The leader can focus on helping a client work through an issue while co-leader focuses on the group process
Helps avoid burnout
Working through countertransference if it occurs

There are some disadvantages to using a co-leader:
If there’s a lack of trust or cooperation between the leader and co-leader
One of the two could compete for the admiration and support of the group members
Problems between the two can take up group time if they have to deal with their unresolved issues

There is at least one disruptive member in every group.
Regardless of the screening procedures, difficult members end up in groups, creating challenges (Kottler, 1994)
Kottler states the most difficult ones to deal with are those who feel entitled, are manipulative, or have character disorders.
Difficult members can benefit from honest & caring feedback from other group members & compassionate, firm interventions from group leaders.
Four kinds: aggressors, obstructors, storytellers, & attention seekers
Problems Solving & Group Process
In the problem-solving process the group leader and the members describe a particular concern and then they identify possible solutions that can help the members resolve their concern.

Drawing out and cutting off members
Assigning tasks based on members strengths
Sharing leadership toward specifically defined goals

Gladding pg. 85

Skills of Effective Group Leaders
Specific Group Skills
Beginning Stage (Forming)
Purpose of the group
Group rules
Content of the group


Members anxious about their interactions
Afraid of losing control
Afraid of being misunderstood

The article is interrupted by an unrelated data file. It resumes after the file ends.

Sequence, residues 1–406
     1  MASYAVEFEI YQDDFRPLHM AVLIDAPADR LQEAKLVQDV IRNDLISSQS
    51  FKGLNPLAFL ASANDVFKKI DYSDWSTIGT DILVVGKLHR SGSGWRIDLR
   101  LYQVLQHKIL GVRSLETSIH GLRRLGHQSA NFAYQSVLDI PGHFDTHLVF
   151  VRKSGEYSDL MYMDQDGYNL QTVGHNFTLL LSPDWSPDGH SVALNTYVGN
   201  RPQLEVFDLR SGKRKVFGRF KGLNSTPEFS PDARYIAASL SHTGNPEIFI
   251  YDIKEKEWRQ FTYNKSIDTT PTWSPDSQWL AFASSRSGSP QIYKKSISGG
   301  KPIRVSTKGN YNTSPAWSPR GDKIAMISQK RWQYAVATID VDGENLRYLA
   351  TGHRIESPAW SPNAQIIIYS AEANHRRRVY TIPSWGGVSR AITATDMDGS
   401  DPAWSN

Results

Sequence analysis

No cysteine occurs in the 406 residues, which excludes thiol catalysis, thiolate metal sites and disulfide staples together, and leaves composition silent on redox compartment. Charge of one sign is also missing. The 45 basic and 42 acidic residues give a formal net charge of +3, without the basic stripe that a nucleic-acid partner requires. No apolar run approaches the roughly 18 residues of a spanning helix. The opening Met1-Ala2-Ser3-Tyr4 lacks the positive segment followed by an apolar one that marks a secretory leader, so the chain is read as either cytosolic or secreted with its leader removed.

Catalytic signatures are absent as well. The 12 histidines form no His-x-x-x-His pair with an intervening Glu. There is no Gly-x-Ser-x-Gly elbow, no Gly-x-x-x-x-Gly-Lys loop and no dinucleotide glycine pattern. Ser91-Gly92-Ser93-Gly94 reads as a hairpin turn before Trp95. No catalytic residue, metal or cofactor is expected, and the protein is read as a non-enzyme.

Struggle for power
Forms of resistance


Terminating of the group

Group members share what has been learned

Plan to use the knowledge they have gained

Stages of Therapy

Stages of Therapy

Stages of Therapy

Overview of
Group Therapy Skills
Encourage partcipation
Observe and identify group process
Attend and acknowledge group member behavior
Clarify and summarize group member statements
Open and close sessions.
impart information when necessary
Model effective group leader bahavior
Engage in appropriate self-disclosure
Give and receive feedback
Ask open-ended questions
Empathize, confront, attribute meaning, apply learning
Demonstrate ethical bahavior
Keep group on task and accomplishing goals

Gladding pg. 84-85
Overview of
Group Therapy Skills
Gladding 86-87
Team Development Stage Model
Bruce Tuckman 'Forming Storming' concept 1965. Diagram Alan Chapman 2004-8.
Stages of Therapy


Positive attitude toward others in the group
Newfound sense of "groupness"
Learning, insight
Feelings of support
Engage in personal sharing
Expect to be successful, hope

Identify needs expectations, committment
Challenge myths and misconceptions
Convey information
Consider developmental issues
Written parental consent
Glading pg. 113

Stages of Therapy

Performing (Working Stage)

Trust, willingness to take risks
Goals are clear
Communication is open
Participants talk to one another
Feedback given and accepted
Members feel hopeful
Group members use eachother as a resource
Confrontation is accepted as a challenge to examine one's behavior
Diversity is encouraged
Full transcript